You can also sort options in the UberEATS app by Gluten-free, Vegetarian or Vegan, and by price range, delivery time, or popularity, so being healthy within a busy schedule is easy-peasy.
When we’re throwing a party or wine night and spend our time on Pinterest rather than preparing, we let the appetizer trays come to us! Our favorite cheese plate is from Hillside Farmacy where the cheese, fruit, and even honey comes from local farms. If you’re wanting more of a beer-pairing board with soft pretzels, try Easy Tiger or Flying Saucer.
You don’t have to know the chefs to get the hookup. Award-winning restaurants like Olamaie have made their off-menu southern biscuits and lunch menu available exclusively for delivery. And if you haven’t gotten the chance to try the Omakase dinner at Kyōten Sushiko, you can taste an affordable weekday lunch version on UberEATS. Our go-to is the Chirashi Bowl.
We’d love to hear what your favorite delivery finds are!
Still haven’t tried UberEATS? Get Free Delivery on your first order with promo code: 365EATS
A friend duo hailing from Mexico had a vision to bring authentic tacos to Austin. Seven years ago, their vision came to life when they opened their first taco trailer called One Taco. You may remember their name from our Breakfast Taco Taste Off earlier this year where they took home 1st prize with the Jefe Taco. If there’s one arena in Austin that’s difficult to enter and come out on top, it’s the taco arena. But Tony Avila and Axel Beverido found a way to win over the taco loving appetites of Austin.
Recently, their dream of opening a Brick and Mortar became a reality. And trust us, it’s a place where taco dreams really do come true. They kill it all day long serving breakfast, lunch and dinner tacos. From the “Big Kahuna” to the Gowalla Taco to the 5 de Pastor, you can’t go wrong. Our most recent visit even included the Pancake Taco. Yes, the Pancake Taco.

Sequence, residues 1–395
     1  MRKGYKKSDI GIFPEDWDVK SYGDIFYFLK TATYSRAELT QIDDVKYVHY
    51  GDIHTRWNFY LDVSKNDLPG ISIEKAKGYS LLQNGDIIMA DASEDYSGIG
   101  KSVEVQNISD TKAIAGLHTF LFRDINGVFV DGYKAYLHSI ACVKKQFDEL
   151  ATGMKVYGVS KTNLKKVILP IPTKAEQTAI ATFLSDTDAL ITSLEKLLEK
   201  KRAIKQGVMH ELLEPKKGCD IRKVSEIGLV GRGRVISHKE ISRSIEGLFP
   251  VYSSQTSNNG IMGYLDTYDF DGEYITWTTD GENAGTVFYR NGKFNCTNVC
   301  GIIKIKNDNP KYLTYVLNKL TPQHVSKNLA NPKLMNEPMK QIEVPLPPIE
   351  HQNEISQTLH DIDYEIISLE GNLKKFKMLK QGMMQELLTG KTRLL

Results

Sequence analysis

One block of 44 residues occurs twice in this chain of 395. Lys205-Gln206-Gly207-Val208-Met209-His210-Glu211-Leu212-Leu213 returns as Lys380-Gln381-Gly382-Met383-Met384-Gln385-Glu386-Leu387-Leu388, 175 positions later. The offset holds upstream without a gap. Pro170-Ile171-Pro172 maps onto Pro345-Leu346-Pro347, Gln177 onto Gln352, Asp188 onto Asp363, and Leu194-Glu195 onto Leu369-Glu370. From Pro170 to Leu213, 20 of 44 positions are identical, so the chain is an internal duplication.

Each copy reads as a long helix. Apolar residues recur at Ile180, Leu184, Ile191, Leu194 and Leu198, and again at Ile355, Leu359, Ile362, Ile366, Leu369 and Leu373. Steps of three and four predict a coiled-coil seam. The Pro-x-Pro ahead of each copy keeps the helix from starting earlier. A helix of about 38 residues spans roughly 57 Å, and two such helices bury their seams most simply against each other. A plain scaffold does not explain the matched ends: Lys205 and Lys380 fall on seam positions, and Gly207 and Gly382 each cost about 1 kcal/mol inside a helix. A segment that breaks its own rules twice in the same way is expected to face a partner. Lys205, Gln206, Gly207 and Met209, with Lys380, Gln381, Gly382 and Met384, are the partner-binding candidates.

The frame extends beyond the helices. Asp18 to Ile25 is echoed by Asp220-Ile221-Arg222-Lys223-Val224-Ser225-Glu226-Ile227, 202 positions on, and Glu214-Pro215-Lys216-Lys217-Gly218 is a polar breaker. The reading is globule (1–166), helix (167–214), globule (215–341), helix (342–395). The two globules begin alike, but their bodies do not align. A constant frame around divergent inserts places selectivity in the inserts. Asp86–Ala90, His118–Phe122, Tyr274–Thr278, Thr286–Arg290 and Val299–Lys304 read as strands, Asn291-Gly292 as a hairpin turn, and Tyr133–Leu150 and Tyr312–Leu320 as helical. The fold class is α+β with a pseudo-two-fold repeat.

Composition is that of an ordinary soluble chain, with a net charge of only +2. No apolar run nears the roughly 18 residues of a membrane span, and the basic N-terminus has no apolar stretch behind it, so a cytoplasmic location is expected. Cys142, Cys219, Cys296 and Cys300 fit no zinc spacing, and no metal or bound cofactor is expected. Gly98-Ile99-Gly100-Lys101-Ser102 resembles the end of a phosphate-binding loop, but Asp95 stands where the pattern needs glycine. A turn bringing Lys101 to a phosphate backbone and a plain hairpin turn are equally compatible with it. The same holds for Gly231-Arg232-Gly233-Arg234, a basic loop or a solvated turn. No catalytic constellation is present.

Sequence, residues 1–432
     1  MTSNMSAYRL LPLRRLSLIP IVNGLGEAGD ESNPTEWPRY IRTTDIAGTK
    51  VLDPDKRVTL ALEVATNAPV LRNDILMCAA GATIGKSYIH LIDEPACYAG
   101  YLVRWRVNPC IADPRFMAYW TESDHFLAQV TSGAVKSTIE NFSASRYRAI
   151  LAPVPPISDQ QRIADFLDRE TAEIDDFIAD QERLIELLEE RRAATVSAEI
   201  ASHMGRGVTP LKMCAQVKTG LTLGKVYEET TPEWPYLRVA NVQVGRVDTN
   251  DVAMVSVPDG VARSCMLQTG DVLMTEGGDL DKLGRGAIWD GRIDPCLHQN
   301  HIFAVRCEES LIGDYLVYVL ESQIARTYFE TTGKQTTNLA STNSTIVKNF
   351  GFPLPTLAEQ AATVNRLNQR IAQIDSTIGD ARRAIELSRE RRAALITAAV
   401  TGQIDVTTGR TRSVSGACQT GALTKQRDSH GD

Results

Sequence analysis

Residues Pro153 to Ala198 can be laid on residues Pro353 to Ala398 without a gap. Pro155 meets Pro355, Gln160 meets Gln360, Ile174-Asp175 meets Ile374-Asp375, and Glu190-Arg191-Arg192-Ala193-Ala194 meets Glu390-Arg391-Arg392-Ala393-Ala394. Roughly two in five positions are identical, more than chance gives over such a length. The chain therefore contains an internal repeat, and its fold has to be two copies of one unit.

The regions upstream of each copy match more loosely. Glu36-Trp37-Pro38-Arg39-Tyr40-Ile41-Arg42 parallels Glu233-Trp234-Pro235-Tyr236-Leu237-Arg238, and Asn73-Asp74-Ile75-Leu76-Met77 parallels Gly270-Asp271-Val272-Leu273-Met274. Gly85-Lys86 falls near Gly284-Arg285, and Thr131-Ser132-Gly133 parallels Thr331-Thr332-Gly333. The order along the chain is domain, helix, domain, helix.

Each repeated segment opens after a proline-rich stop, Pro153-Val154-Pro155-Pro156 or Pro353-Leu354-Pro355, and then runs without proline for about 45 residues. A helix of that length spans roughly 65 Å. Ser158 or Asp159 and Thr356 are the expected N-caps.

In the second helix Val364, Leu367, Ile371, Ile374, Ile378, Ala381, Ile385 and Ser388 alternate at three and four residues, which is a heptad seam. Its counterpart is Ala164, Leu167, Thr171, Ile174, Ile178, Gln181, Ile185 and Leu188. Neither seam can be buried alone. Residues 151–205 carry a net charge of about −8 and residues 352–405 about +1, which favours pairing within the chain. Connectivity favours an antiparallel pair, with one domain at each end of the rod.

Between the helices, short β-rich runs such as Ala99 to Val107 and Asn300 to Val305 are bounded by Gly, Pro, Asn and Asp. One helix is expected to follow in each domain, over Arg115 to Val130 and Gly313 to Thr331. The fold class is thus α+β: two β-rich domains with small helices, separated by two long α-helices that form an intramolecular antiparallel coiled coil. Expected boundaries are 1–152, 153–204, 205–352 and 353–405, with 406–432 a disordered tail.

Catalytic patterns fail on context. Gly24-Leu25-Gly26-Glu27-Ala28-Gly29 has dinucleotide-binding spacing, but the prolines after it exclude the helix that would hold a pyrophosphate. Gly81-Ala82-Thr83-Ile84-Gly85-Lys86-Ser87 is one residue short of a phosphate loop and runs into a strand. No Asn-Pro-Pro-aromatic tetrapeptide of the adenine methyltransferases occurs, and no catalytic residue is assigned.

Whether you’re looking for a quick pick-up order, for a place to eat tacos and drink a few beers with your buddies, or a family-friendly hang out, do yourself this one favor. Check out One Taco.
Brick and Mortar
12200 Research Blvd. #400
One Taco – Container
6th & Nueces
Austin, Texas 78701
Around these parts, melted cheese is serious business. Any great meal in Austin can and should begin with a velvety bowl of queso— locally, it’s one of our main food groups. A great queso recipe can not only put a new restaurant on the map, it can make it an institution.
Luckily Favor, your personal delivery assistant, understands that queso is the lifeblood of our fair city, and they are standing by to bring your favorite blend of queso straight to your door. With that in mind, here is a list of the quesos we can’t live without.
Use code ‘365Things’ to get your first Favor free!
Their green chile queso may be even better than their tacos. That’s a major statement, but we stand behind it!
Save this one for a late night craving as this is queso is one you can enjoy 24 hours a day!
This classic Austin joint makes nearly every “best of” list for good reason. Bob Armstrong Dip is a truly heavenly version of queso. Just make sure you don’t go on Tuesday (they’re closed)!
Many moons ago, on a past Cinco de Mayo, we judged a blind queso tasting contest and this guy was the winner.
El Alma gets bonus points for the homemade chips that come with its queso. It’s a stellar combo!
Photo Credit: Gabriel Campbell Photography
This bowl of melted goodness has a distinctive flavor that keeps the queso connoisseurs coming back. Is it butter? Garlic? It’s AMAZING is what it is.
Another place where you can snag queso 24 hours a day, this one known as “Magnolia Mud” is dangerously addicting.